Thursday, October 04, 2007

WIPO unveils children's copyright law workbook

WIPO are back in the teach 'em young about copyright game with a new copyright workbook for kids. Nate Anderson at Ars Technica reckons it is surprisingly balanced when compared to previous efforts though William Patry has some concerns.

"The WIPO effort has a section on the public domain and other limitations (pages 40-47), a fact that distinguishes it from almost all other such efforts. The booklet even provides links to places where one can obtain access to pd or free use works. There are also features with young creators and good information about copyright basics. WIPO has made genuine efforts to present a balanced view.

My unease comes from the lengthy section on copyright infringement, including a page called "Game: Defending Authors and Performers," which attempts to teach children to distinguish between legal and illegal actions, prefaced with this statement: "You understand the purpose of copyright and related rights and want to respect the rights of authors and performers that you admire." Previous to this are conclusions like "Piracy makes legal copies more expensive," and paragraphs about piracy taking away needed incentives.

It is not impossible to view the pages and pages of biographies of young authors as the prelude to the section on piracy. None of the young authors featured are however likely to have any piracy worries and thus one wonders why the heavy emphasis on them: could the idea of transference be at play, a desire to have children identify with young authors their own age (or others they are told they "admire") and then transfer that identification to multinational corporate copyright owners? I don't defend piracy if defined as counterfeiting, but I think we have to be very careful not to manipulate young children under the guise of educating them."

Jon Newton at P2PNet is more blunt in his criticism.

"The book seems to me to be heavily weighted in favour of the copyright cartels and IMHO, any attempt at balance is little more than window dressing

For example, DRM (Digital Restrictions Management) is an impossible concept which is being abandoned by the corporate entertainment cartels, with EMI, and Vivendi Universal leading the way.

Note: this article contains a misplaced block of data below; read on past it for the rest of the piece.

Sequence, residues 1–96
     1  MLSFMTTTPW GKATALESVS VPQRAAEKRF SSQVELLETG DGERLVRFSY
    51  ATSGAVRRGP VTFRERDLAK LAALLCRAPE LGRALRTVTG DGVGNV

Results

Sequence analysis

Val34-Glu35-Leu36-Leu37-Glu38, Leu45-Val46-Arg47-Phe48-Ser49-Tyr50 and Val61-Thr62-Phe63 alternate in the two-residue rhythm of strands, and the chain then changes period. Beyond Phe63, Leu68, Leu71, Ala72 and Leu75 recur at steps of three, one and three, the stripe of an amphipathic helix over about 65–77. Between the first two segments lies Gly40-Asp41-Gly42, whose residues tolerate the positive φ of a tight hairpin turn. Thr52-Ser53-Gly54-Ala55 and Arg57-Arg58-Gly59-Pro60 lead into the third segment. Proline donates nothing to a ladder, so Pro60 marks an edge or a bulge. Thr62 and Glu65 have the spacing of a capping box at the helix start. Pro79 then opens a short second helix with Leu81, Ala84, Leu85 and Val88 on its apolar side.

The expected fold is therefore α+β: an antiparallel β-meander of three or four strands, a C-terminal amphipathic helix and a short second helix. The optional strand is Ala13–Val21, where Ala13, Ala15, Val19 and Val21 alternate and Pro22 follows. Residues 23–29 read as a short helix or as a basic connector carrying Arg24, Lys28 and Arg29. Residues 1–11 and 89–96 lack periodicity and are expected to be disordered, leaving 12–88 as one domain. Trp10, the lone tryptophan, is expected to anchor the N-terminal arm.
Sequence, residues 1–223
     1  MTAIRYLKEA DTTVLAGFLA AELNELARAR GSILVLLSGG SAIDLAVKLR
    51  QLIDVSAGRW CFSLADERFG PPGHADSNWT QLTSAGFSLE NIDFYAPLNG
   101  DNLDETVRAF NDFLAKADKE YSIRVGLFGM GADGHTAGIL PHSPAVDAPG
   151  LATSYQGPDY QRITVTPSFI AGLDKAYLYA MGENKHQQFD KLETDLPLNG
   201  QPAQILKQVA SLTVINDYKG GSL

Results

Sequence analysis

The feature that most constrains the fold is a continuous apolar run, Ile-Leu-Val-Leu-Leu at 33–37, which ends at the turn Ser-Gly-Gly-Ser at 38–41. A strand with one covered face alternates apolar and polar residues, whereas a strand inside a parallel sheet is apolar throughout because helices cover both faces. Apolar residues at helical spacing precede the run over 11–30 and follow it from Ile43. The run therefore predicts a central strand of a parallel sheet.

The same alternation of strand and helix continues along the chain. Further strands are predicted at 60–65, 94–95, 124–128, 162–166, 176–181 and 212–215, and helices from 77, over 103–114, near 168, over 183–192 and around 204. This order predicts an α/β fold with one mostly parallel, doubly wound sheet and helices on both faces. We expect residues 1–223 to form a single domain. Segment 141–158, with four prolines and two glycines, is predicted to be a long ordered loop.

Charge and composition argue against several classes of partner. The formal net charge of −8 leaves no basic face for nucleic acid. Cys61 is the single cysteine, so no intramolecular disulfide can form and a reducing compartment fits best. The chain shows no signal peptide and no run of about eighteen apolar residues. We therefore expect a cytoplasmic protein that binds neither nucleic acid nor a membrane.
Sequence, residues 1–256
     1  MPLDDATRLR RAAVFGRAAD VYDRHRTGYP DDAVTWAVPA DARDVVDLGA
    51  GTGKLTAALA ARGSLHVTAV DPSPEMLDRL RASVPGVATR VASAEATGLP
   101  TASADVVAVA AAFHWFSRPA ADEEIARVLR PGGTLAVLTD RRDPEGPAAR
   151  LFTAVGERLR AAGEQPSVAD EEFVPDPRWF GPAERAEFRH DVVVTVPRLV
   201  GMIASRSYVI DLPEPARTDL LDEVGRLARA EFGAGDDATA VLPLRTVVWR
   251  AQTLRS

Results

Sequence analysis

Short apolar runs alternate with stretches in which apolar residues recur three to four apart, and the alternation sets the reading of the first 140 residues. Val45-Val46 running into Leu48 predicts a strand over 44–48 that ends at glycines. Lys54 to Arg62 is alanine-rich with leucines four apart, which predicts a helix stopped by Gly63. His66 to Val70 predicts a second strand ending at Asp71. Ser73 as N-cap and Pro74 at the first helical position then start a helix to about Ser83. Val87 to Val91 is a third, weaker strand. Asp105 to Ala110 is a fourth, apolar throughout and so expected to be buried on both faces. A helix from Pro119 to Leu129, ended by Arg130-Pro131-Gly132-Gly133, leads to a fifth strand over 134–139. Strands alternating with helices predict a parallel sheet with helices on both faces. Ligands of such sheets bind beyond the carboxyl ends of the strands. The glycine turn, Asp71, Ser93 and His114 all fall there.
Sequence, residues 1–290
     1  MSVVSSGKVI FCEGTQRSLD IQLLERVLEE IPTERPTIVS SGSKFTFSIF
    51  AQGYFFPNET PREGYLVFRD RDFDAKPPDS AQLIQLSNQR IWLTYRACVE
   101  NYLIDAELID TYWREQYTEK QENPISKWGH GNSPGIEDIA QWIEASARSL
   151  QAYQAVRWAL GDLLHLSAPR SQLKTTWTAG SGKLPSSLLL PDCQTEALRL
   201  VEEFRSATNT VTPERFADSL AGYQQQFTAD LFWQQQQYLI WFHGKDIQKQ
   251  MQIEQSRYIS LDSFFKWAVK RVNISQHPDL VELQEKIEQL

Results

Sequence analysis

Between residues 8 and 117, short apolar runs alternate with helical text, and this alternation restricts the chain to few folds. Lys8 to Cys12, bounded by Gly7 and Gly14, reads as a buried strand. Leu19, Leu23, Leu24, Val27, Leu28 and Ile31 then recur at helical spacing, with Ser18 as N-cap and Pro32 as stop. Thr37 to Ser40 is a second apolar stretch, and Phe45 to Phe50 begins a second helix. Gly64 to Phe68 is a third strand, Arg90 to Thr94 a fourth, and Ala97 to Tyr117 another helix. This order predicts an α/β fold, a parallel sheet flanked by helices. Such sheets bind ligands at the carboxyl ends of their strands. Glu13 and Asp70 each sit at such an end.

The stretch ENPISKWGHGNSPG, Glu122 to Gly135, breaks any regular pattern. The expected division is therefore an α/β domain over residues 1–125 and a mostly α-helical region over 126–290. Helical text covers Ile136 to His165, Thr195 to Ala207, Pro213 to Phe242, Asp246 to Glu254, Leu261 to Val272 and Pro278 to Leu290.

Anything which can be seen or heard can be copied by one means or another.

But the WIPO book presents DRM as a fait accompli - a done deed.

It states, flatly:
In order to protect their works from infringement, right holders are using the same tool that made their works so vulnerable in the first place - digital technologies. Their use of these technologies, which make copyright infringement more difficult and facilitate the management of rights, is known as Digital Rights Management (DRM).

DRM tools can be used to mark digital works with copyright information. They can also be used to control the way in which a work can be used. For example, DRM can limit the number of copies that can be made of a work, can prevent changes from being made to a work, and can limit the devices on which a work can be enjoyed.
In other words, DRM makes a mockery of fair use.

And, “According to international laws, it is illegal to remove, change (alter), or get around (circumvent) DRM protection of a work.”

That’ll be news to a lot of people."

The book also says things like "Giving a classmate a copy of a CD you bought for yourself is illegal."

And Newton also says:

"Every one of the online sources is, of course, a hard-core, (bought-and-paid-for?) corporate entertainment industry-friendly web page.

Genuine information sites such as the Wikipedia, which provide un-spun, non-vested-interest, non-corporate information and points of view, are conspicuous by their total absence."

Not a big fan. I share Patry's and Newton's concerns.

Meanwhile in US and Canadian Otherworld land, the entertainment industry presses ahead with their standard approach to indoctrination targeting kids again.

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